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Recovery within a population of the Critically Endangered citron-crested cockatoo Cacatua sulphurea citrinocristata in Indonesia after 10 years of international trade control

  • Alexis J. Cahill (a1), Jonathan S. Walker (a1) and Stuart J. Marsden (a2)
Abstract

Moratoria on international trade are frequently used to protect threatened species but few studies have examined their effectiveness in allowing populations to recover. We present population data collected before and after a moratorium on trade in the citron-crested cockatoo Cacatua sulphurea citrinocristata, a distinctive subspecies of the yellow-crested cockatoo endemic to Sumba, Indonesia. Before legal trade ceased in 1993 numbers of cockatoos leaving Sumba averaged c. 1,600 per year, and the 1992 population, estimated at 3,200, surely could not sustain such a level of trade. We surveyed cockatoos in four forest patches on Sumba in 1992, and then surveyed these same forest patches 10 years later, using the same field methods. Forest cover within the four patches was similar between years. We recorded a statistically significant increase in overall cockatoo density, from c. 2 birds per km2 in 1992 to >4 per km2 in 2002. Group sizes were also larger in 2002 than in 1992. Densities at two forest sites had increased considerably, at another the population was stable, but at one small forest patch a small population in 1992 had probably decreased. While the population has made a modest recovery, densities remain low compared to cockatoo populations elsewhere. Illegal trade is known to persist and its volume should be monitored closely.

Moratoria on international trade are frequently used to protect threatened species but few studies have examined their effectiveness in allowing populations to recover. We present population data collected before and after a moratorium on trade in the citron-crested cockatoo Cacatua sulphurea citrinocristata, a distinctive subspecies of the yellow-crested cockatoo endemic to Sumba, Indonesia. Before legal trade ceased in 1993 numbers of cockatoos leaving Sumba averaged c. 1,600 per year, and the 1992 population, estimated at 3,200, surely could not sustain such a level of trade. We surveyed cockatoos in four forest patches on Sumba in 1992, and then surveyed these same forest patches 10 years later, using the same field methods. Forest cover within the four patches was similar between years. We recorded a statistically significant increase in overall cockatoo density, from c. 2 birds per km2 in 1992 to >4 per km2 in 2002. Group sizes were also larger in 2002 than in 1992. Densities at two forest sites had increased considerably, at another the population was stable, but at one small forest patch a small population in 1992 had probably decreased. While the population has made a modest recovery, densities remain low compared to cockatoo populations elsewhere. Illegal trade is known to persist and its volume should be monitored closely.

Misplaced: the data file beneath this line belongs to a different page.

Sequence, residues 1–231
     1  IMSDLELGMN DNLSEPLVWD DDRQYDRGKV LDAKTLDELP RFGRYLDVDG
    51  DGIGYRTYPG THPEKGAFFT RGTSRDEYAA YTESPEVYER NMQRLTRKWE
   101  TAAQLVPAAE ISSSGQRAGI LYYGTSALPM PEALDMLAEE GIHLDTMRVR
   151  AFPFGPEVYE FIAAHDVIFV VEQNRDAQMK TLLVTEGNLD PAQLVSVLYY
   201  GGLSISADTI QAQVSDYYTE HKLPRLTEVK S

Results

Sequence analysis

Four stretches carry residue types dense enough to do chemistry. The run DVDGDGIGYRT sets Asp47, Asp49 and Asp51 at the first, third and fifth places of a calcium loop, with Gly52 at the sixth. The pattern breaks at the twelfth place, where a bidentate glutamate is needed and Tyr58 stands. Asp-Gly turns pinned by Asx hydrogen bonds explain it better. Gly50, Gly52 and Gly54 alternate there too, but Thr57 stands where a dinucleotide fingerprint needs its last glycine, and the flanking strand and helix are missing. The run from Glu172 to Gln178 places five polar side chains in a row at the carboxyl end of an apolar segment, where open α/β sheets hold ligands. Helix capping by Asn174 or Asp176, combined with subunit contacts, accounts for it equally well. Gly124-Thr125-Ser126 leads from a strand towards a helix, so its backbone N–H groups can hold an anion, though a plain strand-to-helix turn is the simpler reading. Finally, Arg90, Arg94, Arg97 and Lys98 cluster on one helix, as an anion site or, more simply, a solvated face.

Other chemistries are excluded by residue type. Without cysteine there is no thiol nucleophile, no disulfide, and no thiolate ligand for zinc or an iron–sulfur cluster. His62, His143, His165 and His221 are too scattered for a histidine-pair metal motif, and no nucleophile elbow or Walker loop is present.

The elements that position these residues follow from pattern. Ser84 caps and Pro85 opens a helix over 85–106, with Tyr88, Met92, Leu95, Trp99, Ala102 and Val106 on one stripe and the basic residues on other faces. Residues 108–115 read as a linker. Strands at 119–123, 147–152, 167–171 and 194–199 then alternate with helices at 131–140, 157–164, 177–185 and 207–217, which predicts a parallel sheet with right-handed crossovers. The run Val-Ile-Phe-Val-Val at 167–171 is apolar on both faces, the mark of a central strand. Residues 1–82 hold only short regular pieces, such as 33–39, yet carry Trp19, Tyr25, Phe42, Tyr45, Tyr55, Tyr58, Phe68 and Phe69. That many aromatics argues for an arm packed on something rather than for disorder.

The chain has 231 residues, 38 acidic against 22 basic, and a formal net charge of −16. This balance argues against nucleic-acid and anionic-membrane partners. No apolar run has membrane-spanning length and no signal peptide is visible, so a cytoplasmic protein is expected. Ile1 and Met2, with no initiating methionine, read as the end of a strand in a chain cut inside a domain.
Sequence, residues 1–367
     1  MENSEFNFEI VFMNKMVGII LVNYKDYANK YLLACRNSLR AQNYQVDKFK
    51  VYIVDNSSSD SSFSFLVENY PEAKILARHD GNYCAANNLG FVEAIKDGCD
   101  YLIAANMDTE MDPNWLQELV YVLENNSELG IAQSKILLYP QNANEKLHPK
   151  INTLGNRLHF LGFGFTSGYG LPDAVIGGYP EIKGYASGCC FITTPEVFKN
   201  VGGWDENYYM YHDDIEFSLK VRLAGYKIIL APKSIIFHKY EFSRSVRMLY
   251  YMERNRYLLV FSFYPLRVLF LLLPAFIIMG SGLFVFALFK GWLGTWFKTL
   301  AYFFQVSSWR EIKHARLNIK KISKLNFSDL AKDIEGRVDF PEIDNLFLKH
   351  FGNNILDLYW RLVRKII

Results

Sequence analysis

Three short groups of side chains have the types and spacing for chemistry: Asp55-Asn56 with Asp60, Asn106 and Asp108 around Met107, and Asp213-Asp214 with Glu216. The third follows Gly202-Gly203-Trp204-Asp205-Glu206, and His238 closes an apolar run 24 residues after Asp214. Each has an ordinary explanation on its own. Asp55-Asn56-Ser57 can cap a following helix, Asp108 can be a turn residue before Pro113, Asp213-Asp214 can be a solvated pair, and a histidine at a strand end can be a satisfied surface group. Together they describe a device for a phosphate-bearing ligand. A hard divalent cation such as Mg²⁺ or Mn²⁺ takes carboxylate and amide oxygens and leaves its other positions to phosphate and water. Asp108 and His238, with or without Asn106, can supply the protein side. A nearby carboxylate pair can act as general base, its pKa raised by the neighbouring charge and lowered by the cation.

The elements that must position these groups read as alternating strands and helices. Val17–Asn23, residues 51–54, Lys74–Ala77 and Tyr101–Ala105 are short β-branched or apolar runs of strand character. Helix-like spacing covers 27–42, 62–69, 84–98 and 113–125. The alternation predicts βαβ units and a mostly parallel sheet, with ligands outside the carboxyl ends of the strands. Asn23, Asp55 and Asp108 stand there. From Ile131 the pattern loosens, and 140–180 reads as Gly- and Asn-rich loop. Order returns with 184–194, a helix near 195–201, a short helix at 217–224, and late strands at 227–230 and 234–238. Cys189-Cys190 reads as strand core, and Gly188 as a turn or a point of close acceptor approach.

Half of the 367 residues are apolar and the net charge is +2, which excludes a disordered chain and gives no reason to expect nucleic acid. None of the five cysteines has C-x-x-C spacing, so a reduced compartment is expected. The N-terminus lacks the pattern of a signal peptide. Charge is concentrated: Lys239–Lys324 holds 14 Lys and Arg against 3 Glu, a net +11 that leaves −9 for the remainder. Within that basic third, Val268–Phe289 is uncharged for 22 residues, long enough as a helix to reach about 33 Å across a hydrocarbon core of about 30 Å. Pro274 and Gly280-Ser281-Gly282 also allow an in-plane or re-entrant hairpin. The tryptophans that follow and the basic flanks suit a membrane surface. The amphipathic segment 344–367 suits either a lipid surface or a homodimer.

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Corresponding author
Correspondence: Department of Environmental and Geographical Sciences, Manchester Metropolitan University, Manchester, M1 5GD, UK. E-mail s.marsden@mmu.ac.uk
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Oryx
  • ISSN: 0030-6053
  • EISSN: 1365-3008
  • URL: /core/journals/oryx
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